Having an on-off relationship can be bad for your mental health

Previous research has estimated that more than 60% of adults were involved in on-off relationships.

New research suggests that couples who often split up and come together again may experience more symptoms of depression and anxiety. (AFP photo)

MISSOURI: It may be exciting and dramatic for some, but new American research has shown that on-off relationships can damage mental health.

The new study was conducted by researchers from the University of Missouri and looked at data from 545 participants, including 279 in the same sex and 266 in relationships of different gender.

The researchers discovered that the rate of disintegration and recurrence was comparable between different relationship types, but more often occurred in male-male relationships compared to women-women and relationships with different sexes.

Regardless of the type of relationship, the more a married couple, the more symptoms of psychological problems the members showed, such as depression and anxiety.

Previous research has estimated that more than 60% of adults have been involved in aan-uitrelaties, and more than a third of the couples who lived together ended the relationship at a given time before they were later compared.

In addition, compared to relationships without this pattern, on-off relationships are associated with higher numbers of abuse, poorer communication and lower levels of involvement.

"Breaking together and going together again is not always a bad omen for a couple", said study author Kale Monk. "For some couples, disintegration can help partners realize the importance of their relationship by contributing to a healthier, more dedicated union." On the other hand, partners who routinely break apart and come together again can be negatively influenced by the pattern. "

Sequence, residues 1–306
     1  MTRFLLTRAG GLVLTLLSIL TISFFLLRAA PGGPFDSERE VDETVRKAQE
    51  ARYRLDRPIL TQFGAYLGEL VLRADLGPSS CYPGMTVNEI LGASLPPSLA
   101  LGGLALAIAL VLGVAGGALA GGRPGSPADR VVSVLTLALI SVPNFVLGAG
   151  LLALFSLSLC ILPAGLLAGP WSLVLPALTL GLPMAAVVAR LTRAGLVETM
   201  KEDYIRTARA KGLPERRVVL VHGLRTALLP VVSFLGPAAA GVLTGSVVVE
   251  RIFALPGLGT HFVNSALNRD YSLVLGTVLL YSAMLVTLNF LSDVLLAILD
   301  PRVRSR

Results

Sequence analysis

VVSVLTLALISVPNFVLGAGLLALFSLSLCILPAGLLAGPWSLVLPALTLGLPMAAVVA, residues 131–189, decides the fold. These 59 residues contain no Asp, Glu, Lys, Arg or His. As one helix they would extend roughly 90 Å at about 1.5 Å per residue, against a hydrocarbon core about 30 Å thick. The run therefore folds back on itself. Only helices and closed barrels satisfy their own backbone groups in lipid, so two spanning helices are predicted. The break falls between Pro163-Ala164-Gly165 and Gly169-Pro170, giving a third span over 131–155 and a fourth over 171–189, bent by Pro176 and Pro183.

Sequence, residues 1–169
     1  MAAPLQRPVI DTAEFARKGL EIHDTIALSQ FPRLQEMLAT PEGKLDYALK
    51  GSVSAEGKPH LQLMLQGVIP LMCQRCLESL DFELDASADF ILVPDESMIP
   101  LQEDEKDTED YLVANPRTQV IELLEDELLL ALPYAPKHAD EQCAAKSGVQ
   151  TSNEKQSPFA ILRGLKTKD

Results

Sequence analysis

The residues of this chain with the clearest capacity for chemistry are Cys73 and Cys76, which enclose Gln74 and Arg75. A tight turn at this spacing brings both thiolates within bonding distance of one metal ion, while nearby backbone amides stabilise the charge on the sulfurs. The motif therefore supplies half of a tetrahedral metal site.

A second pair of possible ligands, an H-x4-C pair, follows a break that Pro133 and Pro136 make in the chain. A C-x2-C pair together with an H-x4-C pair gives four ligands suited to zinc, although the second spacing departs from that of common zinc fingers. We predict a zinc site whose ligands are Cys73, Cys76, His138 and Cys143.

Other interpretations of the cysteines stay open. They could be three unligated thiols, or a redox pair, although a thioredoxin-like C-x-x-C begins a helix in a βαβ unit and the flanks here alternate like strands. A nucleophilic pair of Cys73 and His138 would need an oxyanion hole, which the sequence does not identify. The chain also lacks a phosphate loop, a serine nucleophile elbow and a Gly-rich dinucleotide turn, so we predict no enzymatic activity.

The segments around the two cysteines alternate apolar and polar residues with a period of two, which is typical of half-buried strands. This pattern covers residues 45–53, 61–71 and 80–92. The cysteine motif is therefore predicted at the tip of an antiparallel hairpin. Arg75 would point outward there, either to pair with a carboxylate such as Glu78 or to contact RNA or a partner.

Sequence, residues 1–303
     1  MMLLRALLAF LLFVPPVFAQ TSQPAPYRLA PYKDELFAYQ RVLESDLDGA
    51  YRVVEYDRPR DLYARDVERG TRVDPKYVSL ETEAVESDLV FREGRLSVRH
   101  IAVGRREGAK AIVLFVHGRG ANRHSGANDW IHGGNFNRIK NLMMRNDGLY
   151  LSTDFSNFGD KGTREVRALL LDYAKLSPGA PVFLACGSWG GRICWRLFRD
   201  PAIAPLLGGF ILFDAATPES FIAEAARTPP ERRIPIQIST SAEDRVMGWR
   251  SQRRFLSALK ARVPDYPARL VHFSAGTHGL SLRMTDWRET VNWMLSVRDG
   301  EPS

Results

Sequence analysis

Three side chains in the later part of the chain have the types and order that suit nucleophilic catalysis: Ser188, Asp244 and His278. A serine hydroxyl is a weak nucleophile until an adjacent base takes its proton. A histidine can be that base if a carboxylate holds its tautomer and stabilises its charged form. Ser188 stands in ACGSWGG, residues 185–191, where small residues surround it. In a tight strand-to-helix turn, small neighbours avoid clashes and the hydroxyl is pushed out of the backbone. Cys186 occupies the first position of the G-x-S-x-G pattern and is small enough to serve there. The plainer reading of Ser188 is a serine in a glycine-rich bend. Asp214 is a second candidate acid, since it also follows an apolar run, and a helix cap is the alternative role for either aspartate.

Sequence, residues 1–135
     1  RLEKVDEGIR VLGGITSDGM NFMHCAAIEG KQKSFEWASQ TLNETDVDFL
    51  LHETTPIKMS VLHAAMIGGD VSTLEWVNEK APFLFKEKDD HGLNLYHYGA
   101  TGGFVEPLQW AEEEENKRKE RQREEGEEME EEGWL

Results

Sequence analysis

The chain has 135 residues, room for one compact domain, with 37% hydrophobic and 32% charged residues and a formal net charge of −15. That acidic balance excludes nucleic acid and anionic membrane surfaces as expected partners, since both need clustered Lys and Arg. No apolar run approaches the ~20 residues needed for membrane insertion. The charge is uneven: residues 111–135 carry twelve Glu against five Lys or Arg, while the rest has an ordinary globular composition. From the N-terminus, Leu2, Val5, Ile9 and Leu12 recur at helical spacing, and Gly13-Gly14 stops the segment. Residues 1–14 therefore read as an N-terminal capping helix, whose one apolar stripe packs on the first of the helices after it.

The researchers added that couples separate and later meet again for different reasons, although a common necessity or practical use, for example for financial reasons or because they feel that they have invested too much time in the relationship to leave.

Monk warns, however, not to come together again because of the sense of obligation.

"The findings suggest that people who find that they regularly split up and come back together with their partners," under the bonnet "of their relationships should look to determine what is going on, & # 39; he added.

"If partners are honest about the pattern, they can take the necessary steps to maintain or end their relationships, which is essential for maintaining their well-being."

The findings can be found online in the Family Relations magazine.

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